I live with my wife in a northern exurb of Westchester, surrounded by privilege and abundant natural beauty. My poems derive more from human nature, however, and my mind has been shaped by years of pop culture: countless hours of music, films, television, news, and more. Through teaching, I get to share my love of literature and the importance of responsible journalism. My poems and short stories have been published in numerous journals. My first collection, Small Consolations (Aldrich Press), can be found on Amazon.com. A chapbook, Memory Marries Desire, will be out in March. It currently can be pre-ordered at FinishingLinePress.com.
Eclectic neighbor, rarely home,
a community question mark,
and subject of much speculation
shows up barefoot on my doorstep
at eleven, a torn evening gown
of deep indigo, an expression
of confused relief, and a whiff
of gin and whispers, asking for
a few moments of protection.
Foolishly, I cave to curiosity
and drawn to the occasion’s oddity,
open up and let her in.
No exotic tale of seduction ensues,
rather snippets of odd rejoinders
quilted together as makeshift conversation,
polite, apologetic, and full of hushed grace.
We would be strangers ever after,
even if she spent this unlucky night,
her steel wedding anniversary,
sleeping off overdone temporary reveries
alone on our family room’s comfy couch.,
covered up with Aunt Sally’s gift afghan,
quiet sobs soon fading to snores.
It was the neighborly thing to do.
She moved out a month later,
no less a mystery, still considered
a monster of social faux pas,
victim of hushed judgments from afar,
condemned to rumors and hearsay history.
Here in the suburbs we value silence,
saving the world from sordid secrets
in heroic non-heroic daily dealings.
I cannot share much more about it,
but even if I could, I wouldn’t.
He wakes to find
revelations in jeans pocket,
burning bushes speaking.
These are troubled times,
and more than coincident sleight of hand,
he knows he has been chosen.
The next day he is there
at his appointed place, speaking
at the farmer’s market podium.
“I am not here to ruin your day,”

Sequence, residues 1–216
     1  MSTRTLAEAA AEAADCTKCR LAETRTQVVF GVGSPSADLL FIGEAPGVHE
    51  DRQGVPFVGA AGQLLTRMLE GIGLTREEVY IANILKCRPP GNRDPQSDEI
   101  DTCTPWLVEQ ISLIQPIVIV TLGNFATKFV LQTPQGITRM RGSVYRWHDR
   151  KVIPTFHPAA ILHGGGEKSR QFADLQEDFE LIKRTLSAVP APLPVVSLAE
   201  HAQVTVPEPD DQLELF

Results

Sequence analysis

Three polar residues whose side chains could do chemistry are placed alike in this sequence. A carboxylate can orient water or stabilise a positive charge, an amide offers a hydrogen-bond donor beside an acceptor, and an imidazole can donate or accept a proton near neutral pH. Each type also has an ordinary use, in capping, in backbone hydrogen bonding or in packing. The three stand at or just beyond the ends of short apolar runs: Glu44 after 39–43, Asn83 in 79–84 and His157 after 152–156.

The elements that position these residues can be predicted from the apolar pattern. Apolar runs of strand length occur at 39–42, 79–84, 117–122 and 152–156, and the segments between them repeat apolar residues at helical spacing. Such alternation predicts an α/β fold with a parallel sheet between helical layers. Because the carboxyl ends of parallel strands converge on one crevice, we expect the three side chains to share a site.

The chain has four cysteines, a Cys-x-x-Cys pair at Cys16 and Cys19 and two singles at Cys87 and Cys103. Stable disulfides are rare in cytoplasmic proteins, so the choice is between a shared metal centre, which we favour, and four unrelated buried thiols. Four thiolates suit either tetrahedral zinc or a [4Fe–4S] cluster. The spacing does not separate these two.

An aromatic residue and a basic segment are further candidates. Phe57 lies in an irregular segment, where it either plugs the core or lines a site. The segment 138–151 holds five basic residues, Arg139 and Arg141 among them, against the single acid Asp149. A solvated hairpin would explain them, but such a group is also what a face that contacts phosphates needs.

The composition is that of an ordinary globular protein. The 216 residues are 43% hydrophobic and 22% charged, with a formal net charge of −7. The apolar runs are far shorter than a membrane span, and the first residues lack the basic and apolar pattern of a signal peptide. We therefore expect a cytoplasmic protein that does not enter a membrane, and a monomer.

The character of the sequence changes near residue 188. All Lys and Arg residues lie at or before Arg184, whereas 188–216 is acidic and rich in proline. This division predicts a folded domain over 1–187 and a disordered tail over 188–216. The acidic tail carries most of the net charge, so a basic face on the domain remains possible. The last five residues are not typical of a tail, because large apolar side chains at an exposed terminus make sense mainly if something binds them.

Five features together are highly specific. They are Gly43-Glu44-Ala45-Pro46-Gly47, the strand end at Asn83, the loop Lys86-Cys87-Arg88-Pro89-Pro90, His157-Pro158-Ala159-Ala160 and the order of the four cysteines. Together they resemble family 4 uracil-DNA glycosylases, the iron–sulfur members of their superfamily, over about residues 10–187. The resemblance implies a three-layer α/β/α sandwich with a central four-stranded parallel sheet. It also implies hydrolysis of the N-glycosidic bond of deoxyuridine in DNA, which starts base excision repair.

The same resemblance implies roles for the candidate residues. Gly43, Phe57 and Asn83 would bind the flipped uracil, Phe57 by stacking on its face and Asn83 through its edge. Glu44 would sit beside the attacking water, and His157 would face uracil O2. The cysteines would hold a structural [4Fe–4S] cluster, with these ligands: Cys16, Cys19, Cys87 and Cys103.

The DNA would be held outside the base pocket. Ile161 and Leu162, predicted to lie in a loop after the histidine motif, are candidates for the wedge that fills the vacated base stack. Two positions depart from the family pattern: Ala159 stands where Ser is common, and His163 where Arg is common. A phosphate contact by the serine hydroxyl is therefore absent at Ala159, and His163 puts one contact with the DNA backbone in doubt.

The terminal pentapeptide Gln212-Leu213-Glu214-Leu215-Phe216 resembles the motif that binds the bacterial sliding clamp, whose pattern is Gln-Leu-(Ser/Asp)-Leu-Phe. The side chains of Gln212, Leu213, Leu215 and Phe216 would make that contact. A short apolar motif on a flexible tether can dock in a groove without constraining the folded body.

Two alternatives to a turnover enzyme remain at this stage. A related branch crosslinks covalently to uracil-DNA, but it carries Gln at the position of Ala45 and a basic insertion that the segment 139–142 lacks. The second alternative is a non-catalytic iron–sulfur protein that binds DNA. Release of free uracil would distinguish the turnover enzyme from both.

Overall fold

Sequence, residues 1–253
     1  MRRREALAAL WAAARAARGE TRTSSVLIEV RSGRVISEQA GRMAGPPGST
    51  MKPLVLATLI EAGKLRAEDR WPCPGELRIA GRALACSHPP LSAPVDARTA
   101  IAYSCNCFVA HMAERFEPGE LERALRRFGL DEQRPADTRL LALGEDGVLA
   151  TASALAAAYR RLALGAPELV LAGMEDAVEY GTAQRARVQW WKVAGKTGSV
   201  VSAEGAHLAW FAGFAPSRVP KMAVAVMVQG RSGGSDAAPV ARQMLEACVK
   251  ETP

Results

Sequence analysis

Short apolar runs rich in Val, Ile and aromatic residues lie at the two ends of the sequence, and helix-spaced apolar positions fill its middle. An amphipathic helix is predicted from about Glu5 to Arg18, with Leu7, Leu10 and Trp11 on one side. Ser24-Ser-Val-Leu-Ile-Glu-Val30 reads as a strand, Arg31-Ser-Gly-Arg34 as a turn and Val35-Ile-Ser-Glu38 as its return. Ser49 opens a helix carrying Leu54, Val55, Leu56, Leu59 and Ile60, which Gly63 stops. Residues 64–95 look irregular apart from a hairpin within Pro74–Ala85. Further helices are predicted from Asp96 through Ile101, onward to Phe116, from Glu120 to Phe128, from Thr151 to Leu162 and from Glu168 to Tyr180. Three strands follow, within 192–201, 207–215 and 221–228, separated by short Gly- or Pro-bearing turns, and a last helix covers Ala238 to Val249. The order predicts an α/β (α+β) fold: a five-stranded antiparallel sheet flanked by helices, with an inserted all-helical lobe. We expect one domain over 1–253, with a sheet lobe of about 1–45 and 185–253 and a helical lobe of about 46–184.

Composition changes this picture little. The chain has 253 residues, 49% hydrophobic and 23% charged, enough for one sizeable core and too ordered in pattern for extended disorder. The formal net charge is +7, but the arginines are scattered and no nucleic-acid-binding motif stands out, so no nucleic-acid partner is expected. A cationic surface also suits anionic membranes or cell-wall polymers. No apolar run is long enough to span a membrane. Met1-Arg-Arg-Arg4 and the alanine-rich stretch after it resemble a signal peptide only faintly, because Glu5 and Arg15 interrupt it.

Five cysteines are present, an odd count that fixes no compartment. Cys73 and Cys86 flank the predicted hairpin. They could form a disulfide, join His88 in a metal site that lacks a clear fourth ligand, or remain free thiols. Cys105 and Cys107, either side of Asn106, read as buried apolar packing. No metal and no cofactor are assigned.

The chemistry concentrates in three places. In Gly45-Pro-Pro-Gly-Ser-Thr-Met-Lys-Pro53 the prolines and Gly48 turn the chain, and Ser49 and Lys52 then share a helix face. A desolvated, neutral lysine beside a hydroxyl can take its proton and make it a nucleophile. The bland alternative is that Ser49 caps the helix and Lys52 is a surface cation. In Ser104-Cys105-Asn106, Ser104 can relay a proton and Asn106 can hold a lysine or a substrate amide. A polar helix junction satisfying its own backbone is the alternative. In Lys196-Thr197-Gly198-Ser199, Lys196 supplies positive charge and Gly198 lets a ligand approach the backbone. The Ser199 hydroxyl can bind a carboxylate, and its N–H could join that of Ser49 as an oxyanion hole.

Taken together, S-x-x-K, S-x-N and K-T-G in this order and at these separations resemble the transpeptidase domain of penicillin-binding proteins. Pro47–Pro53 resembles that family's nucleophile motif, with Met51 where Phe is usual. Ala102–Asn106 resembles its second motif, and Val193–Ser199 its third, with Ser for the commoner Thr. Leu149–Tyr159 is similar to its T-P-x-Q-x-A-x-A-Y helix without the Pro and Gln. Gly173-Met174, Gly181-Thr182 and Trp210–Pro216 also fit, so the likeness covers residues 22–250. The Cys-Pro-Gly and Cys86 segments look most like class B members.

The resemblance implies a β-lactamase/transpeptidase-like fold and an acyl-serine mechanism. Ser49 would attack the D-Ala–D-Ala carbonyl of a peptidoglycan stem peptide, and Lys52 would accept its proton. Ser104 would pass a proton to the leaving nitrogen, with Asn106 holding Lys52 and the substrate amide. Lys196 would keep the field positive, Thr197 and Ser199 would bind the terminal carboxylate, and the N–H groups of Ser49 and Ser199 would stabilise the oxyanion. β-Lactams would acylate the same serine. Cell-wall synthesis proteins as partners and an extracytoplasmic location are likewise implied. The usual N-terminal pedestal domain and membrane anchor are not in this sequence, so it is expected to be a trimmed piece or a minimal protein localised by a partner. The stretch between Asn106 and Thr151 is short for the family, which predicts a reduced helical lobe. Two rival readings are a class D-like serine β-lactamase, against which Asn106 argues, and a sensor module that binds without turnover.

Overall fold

he explains, with a hint of apology.
The message is tacit, an elusive grail.
“It will take more than local produce
and delicious baked goods
to effect necessary change.”
A vengeful God has seen enough.
When a well-dressed couple walks by
they suddenly ignite to flame.
That sparks suburban panic,
but he stands there undaunted,
keeping calm, carrying on.
The judgment day
needs no ambient traffic,
only a message of love and tolerance.
He repeats the message,
feeding all who happen by
on homemade loaves and fresh caught fish.
“I’ll return as needed,”
he tells shoppers turned disciples,
rebuking them while capturing lightning,
then taking down the small table and stall.
Surrounding trees and icy waters,
solitude, woods, and wilderness
pervade this careful sadness,
tentative, pretending their fantasy
was yet intact, in painstaking detail
to every last finishing touch:
the desire for happiness, for romance,
for a return to what was
and cannot be again.
There was fog and a night bird’s symphony,
and in between they learned how to hide
feelings, motives, the debts of a relationship:
sacrifices made, plans put on hold, aborted.
With so much wrong, the pretense was necessary
to stave off the growing sense of fatigue,
of disbelief, the black hole of their empty future.
In the end, ice covers everything:
their love, promises, and tacit understandings.
It is a battle lost to winter’s early onset.
Snow muffles the heart’s despairing cries;
valences drawing them to their mutual destruction,
alone even when together.
©2016 Gary Glauber